Articles containing CLP products

Substances and mixtures in articles can be present in four main ways:

  1. designed to be released from an article, e.g. from a wet wipe, or sponge, or ink from a pen
  2. sealed in the article, and only released in an accident, e.g. acid in a battery
  3. incorporated into the physical matrix of an article, and only capable of being released if the article is damaged (eg chewed by a small child), e.g. incorporated into plastic
  4. incorporated into the physical matrix of an article and not able to be released

Classification, labelling and SDSs of articles

Where liquid, solid or gas is designed to be release from an article, the released material is classifiable under CLP as a product (substance or mixture) in its own right, and the article and packaging will require labelling as such.   An SDS may also be required.   (Note that for an impregnated item like a wet wipe, the classification is made on mass of the released liquid alone, and the mass of the paper wipe is not included).

The components of the released product will be required to be notified to the C&L inventory, and where an individual substance is imported into the EU at 1 tonne per annum or more, this will trigger the obligation to register for REACH.

Where liquid is sealed into an article, this will also have the same obligations as above, that is it needs to be classified and the article labelled, an SDS provided if required, and REACH obligations may be incurred where the liquid is imported into the EU.

Where a substance is incorporated into the physical matrix of an article and can be released when the product is damaged (e.g. through chewing), this may not require classification and labelling, but some indication of the dangers present may be required.  In this situation, it is likely that expert advice may be required.  If the article contains one or more SVHCs on the Candidate list, notification to ECHA may be required (see below).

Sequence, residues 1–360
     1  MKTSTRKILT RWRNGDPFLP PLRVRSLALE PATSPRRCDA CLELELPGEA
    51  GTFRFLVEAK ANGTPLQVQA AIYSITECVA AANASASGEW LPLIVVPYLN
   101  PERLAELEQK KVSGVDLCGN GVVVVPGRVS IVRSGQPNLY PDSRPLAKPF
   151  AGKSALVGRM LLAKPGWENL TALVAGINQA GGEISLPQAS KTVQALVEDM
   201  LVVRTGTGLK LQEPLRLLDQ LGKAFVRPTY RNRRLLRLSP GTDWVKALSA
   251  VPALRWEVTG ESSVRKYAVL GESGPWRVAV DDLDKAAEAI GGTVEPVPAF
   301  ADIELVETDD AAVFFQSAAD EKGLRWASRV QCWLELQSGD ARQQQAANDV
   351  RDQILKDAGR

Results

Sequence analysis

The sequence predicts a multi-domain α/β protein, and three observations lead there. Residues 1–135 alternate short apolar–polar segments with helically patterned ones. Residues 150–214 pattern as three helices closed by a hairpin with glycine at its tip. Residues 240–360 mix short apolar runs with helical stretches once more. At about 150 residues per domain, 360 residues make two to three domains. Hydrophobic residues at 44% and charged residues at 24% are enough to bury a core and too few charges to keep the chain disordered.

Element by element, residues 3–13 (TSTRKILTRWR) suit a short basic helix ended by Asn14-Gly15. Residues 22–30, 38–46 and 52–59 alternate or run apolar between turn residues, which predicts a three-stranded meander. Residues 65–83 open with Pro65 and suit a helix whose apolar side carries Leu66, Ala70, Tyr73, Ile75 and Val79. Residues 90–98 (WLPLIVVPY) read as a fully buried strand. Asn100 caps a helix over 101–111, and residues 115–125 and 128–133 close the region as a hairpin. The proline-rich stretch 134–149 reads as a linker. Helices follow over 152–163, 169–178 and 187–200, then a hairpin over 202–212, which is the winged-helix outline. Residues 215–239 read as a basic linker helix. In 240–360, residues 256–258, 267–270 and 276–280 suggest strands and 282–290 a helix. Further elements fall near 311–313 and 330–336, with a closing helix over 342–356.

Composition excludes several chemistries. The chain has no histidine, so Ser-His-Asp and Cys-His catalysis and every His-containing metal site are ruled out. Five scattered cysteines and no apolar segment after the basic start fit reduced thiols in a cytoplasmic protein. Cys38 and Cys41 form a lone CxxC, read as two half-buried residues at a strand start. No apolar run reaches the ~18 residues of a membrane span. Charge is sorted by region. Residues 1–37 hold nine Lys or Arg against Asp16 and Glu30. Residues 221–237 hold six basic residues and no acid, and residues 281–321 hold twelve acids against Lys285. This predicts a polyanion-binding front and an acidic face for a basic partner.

Where a substance is incorporated into the physical matrix of an article and cannot be released, even when the article is damaged, classification and an SDS is unlikely to be required, and notification to ECHA is not required.

Notification of SVHC substances in articles

Producers or importers of articles have to notify ECHA if their article contains a substance on the Candidate List.

This obligation applies if the substance is present in those articles in quantities totalling over one tonne per producer or importer per year and if the substance is present in those articles above a concentration of 0.1% (w/w).

However, this is not required:

  • where the total SVHC imported is less than 1 tonne per annum
  • where humans and the environment will not be exposed to the SVHC during use and disposal of the article (although appropriate instructions shall be supplied to the article recipient)
  • the substance has already been registered for that use

For more information on notifying substances in articles to ECHA, see .

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